LAFITTE, THE LOUISIANA PIRATE AND PATRIOT. "He left a corsair’s name to other times, Linked one virtue to a thousand crimes." -- Lord Byron.
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"He left a corsair’s name to other times, Linked one virtue to a thousand crimes."
-- Lord Byron
Who was Jean Lafitte? He was born in 1782, and came to Louisiana in 1803 with his brother Pierre. They were raised by their grandmother after their mother died. She told them of her flight from Spain to France with their mother to escape the Inquisition, which tortured and murdered their grandfather. Jean and Lafitte became pirates, or privateers, and eventually moved to New Orleans, where they bought a blacksmith shop. You can still see the blacksmith shop in New Orleans today.
Of all the pirates to hoard treasures in Louisiana, there were two brothers that had the most success: Jean and Pierre Lafitte. The Lafitte brothers ruled over 1,000 pirates, 50 ships, and after ten years of smuggling, had $10,000,000. In today's terms, that would be about $100 million.
Like pirates in stories, Jean and Pierre buried their treasure. They made treasure maps with secret symbols. The Lafitte brothers and their fellow pirates are said to have buried treasure all over, including places near Baton Rouge, and beneath the floor in Lafitte's blacksmith shop in New Orleans.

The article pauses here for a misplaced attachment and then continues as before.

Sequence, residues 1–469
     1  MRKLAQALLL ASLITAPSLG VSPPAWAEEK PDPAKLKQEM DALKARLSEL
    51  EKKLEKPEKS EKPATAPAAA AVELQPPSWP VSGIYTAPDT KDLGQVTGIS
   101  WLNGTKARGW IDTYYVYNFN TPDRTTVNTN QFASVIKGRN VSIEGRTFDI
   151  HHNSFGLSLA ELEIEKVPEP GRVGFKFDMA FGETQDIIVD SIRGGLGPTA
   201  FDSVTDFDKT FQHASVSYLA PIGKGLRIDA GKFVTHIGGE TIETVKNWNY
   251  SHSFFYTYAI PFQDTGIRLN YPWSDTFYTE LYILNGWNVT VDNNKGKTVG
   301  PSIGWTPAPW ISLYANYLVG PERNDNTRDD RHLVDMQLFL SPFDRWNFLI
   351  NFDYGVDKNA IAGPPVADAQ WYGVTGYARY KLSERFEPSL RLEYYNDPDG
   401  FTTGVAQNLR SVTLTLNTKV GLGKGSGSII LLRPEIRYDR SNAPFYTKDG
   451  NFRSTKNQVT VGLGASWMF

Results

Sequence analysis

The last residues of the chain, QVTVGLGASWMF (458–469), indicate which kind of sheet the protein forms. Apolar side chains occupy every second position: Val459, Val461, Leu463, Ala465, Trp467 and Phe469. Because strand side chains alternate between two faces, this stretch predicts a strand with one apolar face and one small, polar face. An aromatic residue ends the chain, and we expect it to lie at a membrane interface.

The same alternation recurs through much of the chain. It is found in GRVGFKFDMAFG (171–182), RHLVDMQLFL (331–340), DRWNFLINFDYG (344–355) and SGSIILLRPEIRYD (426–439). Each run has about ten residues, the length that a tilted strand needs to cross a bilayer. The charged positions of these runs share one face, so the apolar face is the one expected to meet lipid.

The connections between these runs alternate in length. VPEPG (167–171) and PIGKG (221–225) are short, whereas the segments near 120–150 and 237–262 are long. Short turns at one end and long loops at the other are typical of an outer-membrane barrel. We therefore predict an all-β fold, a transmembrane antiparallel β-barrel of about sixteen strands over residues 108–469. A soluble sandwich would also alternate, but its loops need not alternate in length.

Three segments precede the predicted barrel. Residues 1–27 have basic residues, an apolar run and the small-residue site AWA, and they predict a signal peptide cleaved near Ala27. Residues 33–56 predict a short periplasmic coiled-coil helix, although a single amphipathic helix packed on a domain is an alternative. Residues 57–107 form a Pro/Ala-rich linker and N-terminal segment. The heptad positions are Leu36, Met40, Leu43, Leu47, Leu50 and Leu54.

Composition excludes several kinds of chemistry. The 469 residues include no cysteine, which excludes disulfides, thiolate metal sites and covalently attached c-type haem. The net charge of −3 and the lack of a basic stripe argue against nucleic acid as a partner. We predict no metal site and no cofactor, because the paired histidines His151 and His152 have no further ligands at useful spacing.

Although many people disliked the Lafitte brothers (they were pirates, after all), they were never arrested. In 1813 the governor of Louisiana offered $500 for Lafitte's capture, but Lafitte turned around and offered $1,500 as a bounty for the governor's head, which ended Lafitte's problem with the governor.
In 1814 Great Britain dispatched an armada and 8,000 men to take Louisiana. The British offered Lafitte 30,000 pounds sterling and a commission in the British Navy if he would help them take New Orleans, with his band of pirates and ships. Lafitte pretended to accept the British offer but instead sent word to New Orleans that invasion was imminent. In exchange for a governor's pardon he and his buccaneers would help defend the city.
Jean and Pierre guided the American forces through the marshland maze. An assortment of 4,000 Tennesseans, Choctaw tribesmen, free blacks, Creoles and of course pirates defeated the British in the Battle of New Orleans. President James Madison gave presidential pardons to Jean Lafitte and the buccaneers.
In the swamp lands around Barrataria Island, Lafitte and 1000 of his pirates built a pirates paradise home. They lived there for several years, preying on ships that passed on the way to New Orleans.